But once they got into the basement to the interrogators and the foremen, it was not so easy to get out so easily. The girls were reared back again, and new confessions poured out of them like peas. As a result, in just a few hours, a whole witchcraft conspiracy was revealed against the queen and her offspring, with the participation of several witches and witches.

So in the basement were residents of Moscow Manka Kozlikha, Ulka, Dunka and Feklitsa. These women were also tortured to find out what and why they did to the detriment of the royal family. To the disappointment of the investigation, it turned out that the women were not at all aware of the events and the case was at an impasse. The whole gang of sorcerers, pretty shabby, had to be released, making a strict suggestion to keep quiet.

But the story of the Kremlin sorcerers did not end there. Just a year after the events described, in 1639, two tragedies occurred one after the other in the royal family. First, the young Tsarevich Ivan died, and just two months later, his brother, Tsarevich Vasily.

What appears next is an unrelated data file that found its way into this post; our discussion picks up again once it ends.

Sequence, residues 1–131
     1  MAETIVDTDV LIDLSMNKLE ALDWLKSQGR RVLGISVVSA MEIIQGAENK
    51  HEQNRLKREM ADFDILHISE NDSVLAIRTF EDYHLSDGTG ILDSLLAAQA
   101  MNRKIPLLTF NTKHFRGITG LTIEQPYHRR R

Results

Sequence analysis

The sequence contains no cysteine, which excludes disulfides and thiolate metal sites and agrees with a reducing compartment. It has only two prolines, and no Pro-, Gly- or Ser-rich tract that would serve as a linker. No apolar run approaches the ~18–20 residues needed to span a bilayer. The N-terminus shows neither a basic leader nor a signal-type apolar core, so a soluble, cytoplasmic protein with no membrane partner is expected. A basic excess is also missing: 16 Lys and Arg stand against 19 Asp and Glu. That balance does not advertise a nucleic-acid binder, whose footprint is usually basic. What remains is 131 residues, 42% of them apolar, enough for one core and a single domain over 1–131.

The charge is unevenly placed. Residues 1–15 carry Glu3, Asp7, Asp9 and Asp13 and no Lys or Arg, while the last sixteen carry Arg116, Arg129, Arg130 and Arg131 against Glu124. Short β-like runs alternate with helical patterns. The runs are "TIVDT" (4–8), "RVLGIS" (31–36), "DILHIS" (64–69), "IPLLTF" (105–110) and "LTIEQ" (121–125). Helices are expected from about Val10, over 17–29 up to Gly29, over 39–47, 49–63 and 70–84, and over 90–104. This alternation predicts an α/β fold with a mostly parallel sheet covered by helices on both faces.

The entire witchcraft company, led by the gold embroiderer Daria, was again thrown into the basement and began to be interrogated with addiction and witchcraft and other malicious intent. It all ended with Ulka and Nastasitsa giving their souls to God, unable to withstand the torture, and the rest of the witches went on foot to explore the new Siberian possessions of the Russian crown.

As we can see, despite the harsh times and the severity of the burden of suspicion, in Russia everything was not as neglected as in Germany, France or Spain, and the witches had a small chance to justify themselves. Needless to say - the Russian people have always been distinguished by their kindness, easygoingness and a thirst for truth.